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March 15, 2017, 10:41 a.m.

Discors wants people to pay for news via a low-priced subscription that crosses multiple publishers

The offer: $4.99 a month for a limited selection of stories from The New York Times, The Economist, and more. They’re the latest trying to unlock the space between $0 and a full subscription.

When we last wrote about the app Discors, back at its launch in 2015, its strategy was to provide users additional context around the news by featuring commentary from contributors from places such as universities and think tanks.

But the company quickly realized that the concept wasn’t going to work. “It was going to be very difficult to get people to pay for that,” CEO and cofounder Basil Enan told me.

So, in true startup fashion, it pivoted. This month, the company launched a revamped version of its app that moved away from highlighting individual contributors and instead lets users access commentary and analysis from publishers such as The New York Times, The Financial Times, The Washington Post, and The Economist for a monthly price.

A subscription to the app costs $4.99 per month.

The main screen of the Discors app lists stories by topic — such as Britain’s preparations for Brexit or the firing of U.S. Attorney Preet Bharara. Discors subscribes to wire services such as the Associated Press and Reuters, and each topic starts with a wire story and then it lists pieces that offer different viewpoints on that story.

The new version of the app also features individual stories from participating publishers in the main stream in order to give them more prominence.

Discors pays “tens of thousands of dollars every month” to all its publishers in order to access a set number of stories per month. Enan said the app’s editorial team tries to curate at least two stories per day from participating outlets.

Enan’s pitch to publishers is that Discors provides a middle-tiered subscription product to appeal to readers who might not want to pay for a full subscription.

“The big question became: Why would the publishers do this? Are they going to play ball?” he said. “We spent the better part of the past two years making that case to them — and certainly we’re not the only ones beating that drum — to say there’s another way to do this, and that starts with accepting there are a lot of people out there when presented with that binary choice — $400 a year for the FT or $0 a year for no FT — the vast majority of people, myself included, say I can’t do that. I’m not going to get enough value out of the FT right now to subscribe, so I don’t subscribe.”

(The standard rate for a Financial Times digital subscription is $332, or $533 for a “premium digital” subscription.)

Discors initially charged 99 cents per month, but it realized that it was “probably too low to make it sustainable,” so the app raised the subscription price to $4.99. So far, Enan said Discors has “a couple hundred” subscribers, and he made a point to emphasize that they had not begun to promote the app in earnest.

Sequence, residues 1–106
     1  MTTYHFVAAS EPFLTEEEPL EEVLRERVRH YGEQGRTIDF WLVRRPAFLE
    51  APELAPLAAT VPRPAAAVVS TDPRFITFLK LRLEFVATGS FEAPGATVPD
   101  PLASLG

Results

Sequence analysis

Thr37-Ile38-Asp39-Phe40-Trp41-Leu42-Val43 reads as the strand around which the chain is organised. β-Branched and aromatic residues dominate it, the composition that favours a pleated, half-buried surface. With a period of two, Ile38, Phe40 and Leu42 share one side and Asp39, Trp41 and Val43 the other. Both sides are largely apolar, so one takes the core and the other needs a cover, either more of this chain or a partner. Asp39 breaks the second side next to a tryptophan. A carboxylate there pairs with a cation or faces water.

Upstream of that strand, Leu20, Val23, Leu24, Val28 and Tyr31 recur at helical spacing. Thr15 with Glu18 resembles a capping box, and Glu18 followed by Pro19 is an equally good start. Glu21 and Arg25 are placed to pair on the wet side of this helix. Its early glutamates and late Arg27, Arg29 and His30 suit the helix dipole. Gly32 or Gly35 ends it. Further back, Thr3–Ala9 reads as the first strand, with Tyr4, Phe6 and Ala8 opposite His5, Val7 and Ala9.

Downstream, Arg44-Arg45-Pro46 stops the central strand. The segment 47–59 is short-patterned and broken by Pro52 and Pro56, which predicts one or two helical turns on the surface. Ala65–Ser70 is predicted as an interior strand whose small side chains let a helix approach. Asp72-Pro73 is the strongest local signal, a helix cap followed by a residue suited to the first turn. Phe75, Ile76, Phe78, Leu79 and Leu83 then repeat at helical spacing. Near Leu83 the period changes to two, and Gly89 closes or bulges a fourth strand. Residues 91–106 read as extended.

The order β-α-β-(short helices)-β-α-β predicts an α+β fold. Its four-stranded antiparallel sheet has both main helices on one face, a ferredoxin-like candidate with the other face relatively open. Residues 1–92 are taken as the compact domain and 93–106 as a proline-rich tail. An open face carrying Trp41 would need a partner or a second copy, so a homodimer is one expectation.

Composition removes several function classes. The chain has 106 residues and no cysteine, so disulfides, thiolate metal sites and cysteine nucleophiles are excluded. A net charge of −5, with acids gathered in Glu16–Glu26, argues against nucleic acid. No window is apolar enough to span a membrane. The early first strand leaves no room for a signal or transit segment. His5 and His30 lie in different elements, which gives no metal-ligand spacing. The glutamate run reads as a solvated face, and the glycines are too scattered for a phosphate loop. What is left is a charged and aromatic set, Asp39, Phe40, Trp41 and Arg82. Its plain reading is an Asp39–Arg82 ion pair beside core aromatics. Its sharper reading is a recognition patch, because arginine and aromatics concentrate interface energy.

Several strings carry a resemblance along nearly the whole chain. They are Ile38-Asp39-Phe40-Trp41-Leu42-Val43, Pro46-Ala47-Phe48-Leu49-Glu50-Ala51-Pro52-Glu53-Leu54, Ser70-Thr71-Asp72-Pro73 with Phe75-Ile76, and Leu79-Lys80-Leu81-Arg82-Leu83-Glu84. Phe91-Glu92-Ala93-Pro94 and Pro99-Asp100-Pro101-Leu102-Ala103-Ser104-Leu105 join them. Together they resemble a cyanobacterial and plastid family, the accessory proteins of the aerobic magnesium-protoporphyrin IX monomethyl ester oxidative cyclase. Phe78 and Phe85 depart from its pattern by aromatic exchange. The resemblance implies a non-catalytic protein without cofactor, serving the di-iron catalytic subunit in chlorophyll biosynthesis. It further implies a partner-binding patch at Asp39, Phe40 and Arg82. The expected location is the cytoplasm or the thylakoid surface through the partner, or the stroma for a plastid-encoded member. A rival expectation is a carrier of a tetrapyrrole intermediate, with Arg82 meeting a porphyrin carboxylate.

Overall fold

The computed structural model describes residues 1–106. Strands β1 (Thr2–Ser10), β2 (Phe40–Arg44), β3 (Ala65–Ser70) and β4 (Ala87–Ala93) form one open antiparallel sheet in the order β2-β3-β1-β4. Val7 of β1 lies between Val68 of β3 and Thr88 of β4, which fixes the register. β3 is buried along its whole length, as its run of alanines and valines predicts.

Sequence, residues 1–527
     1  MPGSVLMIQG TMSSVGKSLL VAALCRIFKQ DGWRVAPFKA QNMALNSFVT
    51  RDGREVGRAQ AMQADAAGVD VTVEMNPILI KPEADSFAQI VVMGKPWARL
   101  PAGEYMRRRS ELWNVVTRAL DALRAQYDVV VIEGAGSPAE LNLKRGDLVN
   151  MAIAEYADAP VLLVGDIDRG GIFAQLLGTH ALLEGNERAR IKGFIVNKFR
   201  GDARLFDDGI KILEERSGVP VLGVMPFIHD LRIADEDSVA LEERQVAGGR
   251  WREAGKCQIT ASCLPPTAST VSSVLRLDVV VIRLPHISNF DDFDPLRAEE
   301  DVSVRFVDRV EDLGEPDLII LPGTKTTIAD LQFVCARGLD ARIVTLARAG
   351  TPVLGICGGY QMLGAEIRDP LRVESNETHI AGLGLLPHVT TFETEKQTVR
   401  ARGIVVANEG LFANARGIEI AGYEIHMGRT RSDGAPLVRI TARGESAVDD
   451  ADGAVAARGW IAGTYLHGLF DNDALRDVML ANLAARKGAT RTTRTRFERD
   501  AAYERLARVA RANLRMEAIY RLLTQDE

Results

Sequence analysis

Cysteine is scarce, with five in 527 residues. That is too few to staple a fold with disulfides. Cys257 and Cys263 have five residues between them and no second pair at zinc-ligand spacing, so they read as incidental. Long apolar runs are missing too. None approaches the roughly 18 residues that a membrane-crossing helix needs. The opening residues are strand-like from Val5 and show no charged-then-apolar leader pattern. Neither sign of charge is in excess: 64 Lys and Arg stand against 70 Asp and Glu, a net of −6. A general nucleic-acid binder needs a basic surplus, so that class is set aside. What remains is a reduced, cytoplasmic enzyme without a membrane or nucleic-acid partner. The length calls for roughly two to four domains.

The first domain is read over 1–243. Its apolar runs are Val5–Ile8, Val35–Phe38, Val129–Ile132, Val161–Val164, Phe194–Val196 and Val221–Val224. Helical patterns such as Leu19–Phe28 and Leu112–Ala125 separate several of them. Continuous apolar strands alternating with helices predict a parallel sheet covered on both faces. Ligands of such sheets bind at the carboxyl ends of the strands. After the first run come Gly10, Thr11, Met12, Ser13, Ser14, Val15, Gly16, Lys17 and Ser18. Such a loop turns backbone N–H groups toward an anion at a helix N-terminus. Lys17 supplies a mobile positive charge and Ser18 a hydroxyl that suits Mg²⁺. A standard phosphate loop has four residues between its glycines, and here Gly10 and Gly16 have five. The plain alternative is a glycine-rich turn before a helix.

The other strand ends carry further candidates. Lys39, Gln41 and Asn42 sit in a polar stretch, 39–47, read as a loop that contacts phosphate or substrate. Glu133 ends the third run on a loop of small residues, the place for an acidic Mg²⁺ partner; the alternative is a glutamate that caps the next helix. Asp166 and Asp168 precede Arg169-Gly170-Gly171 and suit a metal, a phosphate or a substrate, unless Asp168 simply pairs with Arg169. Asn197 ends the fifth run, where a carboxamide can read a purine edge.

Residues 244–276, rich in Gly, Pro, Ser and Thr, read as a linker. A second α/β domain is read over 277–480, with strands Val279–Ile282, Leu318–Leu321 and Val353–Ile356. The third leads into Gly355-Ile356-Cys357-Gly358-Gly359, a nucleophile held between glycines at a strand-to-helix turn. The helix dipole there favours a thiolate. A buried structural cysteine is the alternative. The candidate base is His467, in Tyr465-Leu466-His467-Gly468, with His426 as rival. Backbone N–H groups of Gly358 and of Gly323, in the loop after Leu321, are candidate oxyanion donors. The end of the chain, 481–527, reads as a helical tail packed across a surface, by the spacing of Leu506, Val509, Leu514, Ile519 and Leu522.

Still, there have been multiple attempts, by both publishers and third-party aggregators, to try and capture a middle tier of subscribers — something below an all-access subscription but above zero.

The New York Times in 2014, for instance, launched standalone apps such as NYT Now and NYT Opinion that offered lower-priced access to certain areas of the Times’ coverage. The paper ultimately shut down NYT Opinion and made NYT Now free — before eliminating it last year — due to lack of interest from potential subscribers.

There’s Scroll, Tony Haile’s upcoming startup, which featured big-name publishing investors (Axel Springer, News Corp, The New York Times) and a subscription model built around better presentation of selected content from a variety of publishers.

There are a handful of apps, such as Texture and Zinio — along with Amazon Prime — that let users pay a monthly fee to access a number of different magazines.

Then there’s Blendle, the Dutch micropayment startup that allows its users to buy stories from a variety fo publishers by the article. The company launched in the United States last year with publishers such as the Times, which is an investor in the company, The Washington Post, and more.

Enan said Discors wanted to stay away from the micropayment model in order to give users a more nuanced experience. “They need to get behind the paywall, but they want someone to do a little bit of work on their behalf, curating pieces from each of these publications, bringing together lots of publications but selecting pieces from each of those so it’s not overwhelming,” he said.

Earlier this year, however, Blendle launched Blendle Premium in the Netherlands, a €9.99 ($10.66 USD) per month service that lets users read 20 stories per day that are selected for users based on their interests.

For its part, Discors is targeting additional publishers; Enan said The Atlantic, The New Yorker, and The Wall Street Journal top its list. The company raised $1.2 million last year, and also went through the Matter incubator program.

Ultimately, Enan said Discors would like to potentially integrate with platforms such as Facebook or Apple News that would provide it access to a larger user base. But for now, the app’s top priority is to gain users and also to add more publishers. The app is still “not even close” to breaking even, but Enan said the company first had to spend money to get publishers on the platform.

“Really, it’s solving that chicken and the egg problem: You need the publishers first before people are willing to sign up,” he said. “And this is why we’re starting to get out there more broadly now.”

POSTED     March 15, 2017, 10:41 a.m.
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